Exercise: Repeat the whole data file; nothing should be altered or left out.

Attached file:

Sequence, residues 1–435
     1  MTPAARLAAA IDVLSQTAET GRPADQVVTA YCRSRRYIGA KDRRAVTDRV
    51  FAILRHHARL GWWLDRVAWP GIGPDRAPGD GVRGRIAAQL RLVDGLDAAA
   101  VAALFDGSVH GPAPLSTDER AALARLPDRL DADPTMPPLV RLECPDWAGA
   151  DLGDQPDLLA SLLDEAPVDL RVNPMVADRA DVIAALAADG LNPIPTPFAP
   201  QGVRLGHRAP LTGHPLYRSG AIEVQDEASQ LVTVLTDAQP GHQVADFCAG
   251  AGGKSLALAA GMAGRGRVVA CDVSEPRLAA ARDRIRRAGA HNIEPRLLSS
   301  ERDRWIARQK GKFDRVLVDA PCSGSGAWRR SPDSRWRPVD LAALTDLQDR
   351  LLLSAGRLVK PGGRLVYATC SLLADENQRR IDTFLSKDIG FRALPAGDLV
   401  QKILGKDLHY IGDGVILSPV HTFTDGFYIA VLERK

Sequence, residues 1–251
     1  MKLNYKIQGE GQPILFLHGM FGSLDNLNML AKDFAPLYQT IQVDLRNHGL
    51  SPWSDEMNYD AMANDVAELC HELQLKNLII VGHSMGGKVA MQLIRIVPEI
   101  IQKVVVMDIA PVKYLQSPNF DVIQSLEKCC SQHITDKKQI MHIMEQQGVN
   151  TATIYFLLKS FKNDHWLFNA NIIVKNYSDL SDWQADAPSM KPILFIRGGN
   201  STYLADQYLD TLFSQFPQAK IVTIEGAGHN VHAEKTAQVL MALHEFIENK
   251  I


Sequence, residues 1–435
     1  MTPAARLAAA IDVLSQTAET GRPADQVVTA YCRSRRYIGA KDRRAVTDRV
    51  FAILRHHARL GWWLDRVAWP GIGPDRAPGD GVRGRIAAQL RLVDGLDAAA
   101  VAALFDGSVH GPAPLSTDER AALARLPDRL DADPTMPPLV RLECPDWAGA
   151  DLGDQPDLLA SLLDEAPVDL RVNPMVADRA DVIAALAADG LNPIPTPFAP
   201  QGVRLGHRAP LTGHPLYRSG AIEVQDEASQ LVTVLTDAQP GHQVADFCAG
   251  AGGKSLALAA GMAGRGRVVA CDVSEPRLAA ARDRIRRAGA HNIEPRLLSS
   301  ERDRWIARQK GKFDRVLVDA PCSGSGAWRR SPDSRWRPVD LAALTDLQDR
   351  LLLSAGRLVK PGGRLVYATC SLLADENQRR IDTFLSKDIG FRALPAGDLV
   401  QKILGKDLHY IGDGVILSPV HTFTDGFYIA VLERK

Sequence, residues 1–251
     1  MKLNYKIQGE GQPILFLHGM FGSLDNLNML AKDFAPLYQT IQVDLRNHGL
    51  SPWSDEMNYD AMANDVAELC HELQLKNLII VGHSMGGKVA MQLIRIVPEI
   101  IQKVVVMDIA PVKYLQSPNF DVIQSLEKCC SQHITDKKQI MHIMEQQGVN
   151  TATIYFLLKS FKNDHWLFNA NIIVKNYSDL SDWQADAPSM KPILFIRGGN
   201  STYLADQYLD TLFSQFPQAK IVTIEGAGHN VHAEKTAQVL MALHEFIENK
   251  I